An occupation crossing provides access between two parcels of land owned by the same land owner that have been divided by a rail corridor. It is sometimes referred to as a Section 36 crossing.
The following information may assist if you are buying or selling land on opposite sides of the rail corridor or have questions about accessing crossings over the rail corridor.
Occupation crossings were historically granted to a landowner under Section 36 of the Lands Compensation Statute 1869 VIC and the subsequent corresponding legislation being Section 43 (2) of the Land Acquisition and Compensation Act 1986 VIC.
The granting of Section 36 crossing rights recognised the landowner’s ongoing need to access their land remaining in common ownership on both sides of the acquired land.
The general principles applicable to these crossings are:
- The crossings were provided for the exclusive use of the landowner including visitors and others accessing the property.
- An occupation right was mapped by the rail authority at the time of the land being taken to allow for construction of a rail corridor. The railway authority was not bound to consider any prospective or different use, in particular there was no obligation to adapt the crossing to any change of use that would increase the intensity of use and burden on the crossing.
- Subdivision or sale of the original property cannot confer any rights on the purchaser of the subdivided land to use and enjoy the benefits of the crossing, which was provided for the owner of the total land at the time of the construction of the railway. It is the responsibility of the subdivider of the land to arrange alternative appropriate legal access.
There is no time restriction on the use and operation of the crossings, which are maintained by the rail operator.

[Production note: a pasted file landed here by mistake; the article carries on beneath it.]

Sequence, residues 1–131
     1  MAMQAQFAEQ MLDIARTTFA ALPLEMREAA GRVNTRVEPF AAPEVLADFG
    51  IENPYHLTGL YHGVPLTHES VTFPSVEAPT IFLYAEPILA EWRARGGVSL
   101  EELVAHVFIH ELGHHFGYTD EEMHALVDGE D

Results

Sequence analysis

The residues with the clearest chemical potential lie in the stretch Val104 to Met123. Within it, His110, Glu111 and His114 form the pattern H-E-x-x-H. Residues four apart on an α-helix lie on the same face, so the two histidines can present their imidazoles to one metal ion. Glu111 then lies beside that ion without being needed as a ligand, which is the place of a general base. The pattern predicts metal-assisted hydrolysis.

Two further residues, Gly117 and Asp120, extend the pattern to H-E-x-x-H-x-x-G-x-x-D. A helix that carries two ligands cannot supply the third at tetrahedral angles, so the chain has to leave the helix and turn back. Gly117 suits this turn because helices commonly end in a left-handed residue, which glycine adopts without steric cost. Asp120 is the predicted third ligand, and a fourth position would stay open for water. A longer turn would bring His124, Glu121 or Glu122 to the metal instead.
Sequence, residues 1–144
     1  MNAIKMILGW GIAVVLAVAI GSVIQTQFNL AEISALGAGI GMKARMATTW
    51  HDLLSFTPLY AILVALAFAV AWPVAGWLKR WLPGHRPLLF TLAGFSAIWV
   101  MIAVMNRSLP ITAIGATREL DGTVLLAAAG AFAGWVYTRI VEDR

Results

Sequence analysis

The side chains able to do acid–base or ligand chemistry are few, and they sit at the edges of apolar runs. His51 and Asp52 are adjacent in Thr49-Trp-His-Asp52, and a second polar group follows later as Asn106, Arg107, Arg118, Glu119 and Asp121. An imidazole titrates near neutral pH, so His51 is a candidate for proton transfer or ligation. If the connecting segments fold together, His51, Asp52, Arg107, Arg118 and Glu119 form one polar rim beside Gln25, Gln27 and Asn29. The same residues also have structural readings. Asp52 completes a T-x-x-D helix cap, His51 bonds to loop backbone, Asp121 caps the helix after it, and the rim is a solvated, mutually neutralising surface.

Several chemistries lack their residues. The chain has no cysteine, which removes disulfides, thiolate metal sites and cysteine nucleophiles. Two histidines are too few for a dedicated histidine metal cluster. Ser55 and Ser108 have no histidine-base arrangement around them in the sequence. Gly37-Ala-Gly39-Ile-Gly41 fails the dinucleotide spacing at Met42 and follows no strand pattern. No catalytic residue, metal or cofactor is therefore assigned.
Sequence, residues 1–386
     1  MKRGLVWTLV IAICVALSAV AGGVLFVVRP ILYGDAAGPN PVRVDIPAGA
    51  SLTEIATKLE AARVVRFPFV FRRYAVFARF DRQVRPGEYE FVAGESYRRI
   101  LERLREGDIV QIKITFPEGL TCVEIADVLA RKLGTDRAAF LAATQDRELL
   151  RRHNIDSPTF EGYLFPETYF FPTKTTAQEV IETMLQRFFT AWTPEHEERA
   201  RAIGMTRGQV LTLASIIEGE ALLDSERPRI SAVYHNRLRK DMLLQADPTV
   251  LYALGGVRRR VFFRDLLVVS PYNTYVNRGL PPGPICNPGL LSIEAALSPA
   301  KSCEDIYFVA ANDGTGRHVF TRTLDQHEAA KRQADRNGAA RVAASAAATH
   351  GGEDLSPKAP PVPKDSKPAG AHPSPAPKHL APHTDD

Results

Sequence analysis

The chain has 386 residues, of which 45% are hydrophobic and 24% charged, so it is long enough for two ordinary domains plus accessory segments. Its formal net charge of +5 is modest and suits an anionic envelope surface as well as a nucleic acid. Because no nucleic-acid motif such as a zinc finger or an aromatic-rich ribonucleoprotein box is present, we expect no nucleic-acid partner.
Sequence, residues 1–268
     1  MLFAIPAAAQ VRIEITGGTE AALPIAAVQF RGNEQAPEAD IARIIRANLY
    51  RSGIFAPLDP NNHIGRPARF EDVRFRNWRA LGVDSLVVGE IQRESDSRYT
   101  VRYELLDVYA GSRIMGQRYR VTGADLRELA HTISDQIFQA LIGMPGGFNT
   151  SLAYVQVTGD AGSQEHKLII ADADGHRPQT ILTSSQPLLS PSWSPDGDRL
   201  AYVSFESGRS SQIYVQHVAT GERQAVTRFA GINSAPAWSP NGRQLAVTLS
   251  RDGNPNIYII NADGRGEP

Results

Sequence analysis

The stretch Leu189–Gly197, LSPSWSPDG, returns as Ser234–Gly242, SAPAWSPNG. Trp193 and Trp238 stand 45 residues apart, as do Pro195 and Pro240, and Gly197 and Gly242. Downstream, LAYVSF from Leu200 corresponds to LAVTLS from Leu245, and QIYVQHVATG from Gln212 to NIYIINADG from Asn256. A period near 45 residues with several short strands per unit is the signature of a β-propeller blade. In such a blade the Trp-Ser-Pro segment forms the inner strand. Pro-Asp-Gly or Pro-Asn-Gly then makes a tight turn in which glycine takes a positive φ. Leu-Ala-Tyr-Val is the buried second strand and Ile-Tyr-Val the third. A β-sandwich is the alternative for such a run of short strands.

Generally an occupation crossing right can be terminated in these ways:
- Once the land on both sides of an occupation crossing ceases to be owned by the same person, then the occupation crossing right is terminated.
- If a change of use of the crossing occurs and/or substantially increases the burden on the crossing, the crossing will be terminated. For example where a business has been established on one side of the crossing that now requires additional vehicular movements across the crossing, the right is automatically terminated and alternative access must be arranged.
- The crossing will be terminated if the landowner agrees to terminate by agreement with the relevant rail operator.
If the above information does not apply to your property, you can apply for an access license.
We do not provide legal advice, however, we may however hold records to assist in determining historical use of the rail corridor.
If you have any further questions, please contact our Property Customer Service Coordinator on (03) 9619 8889 or at email@example.com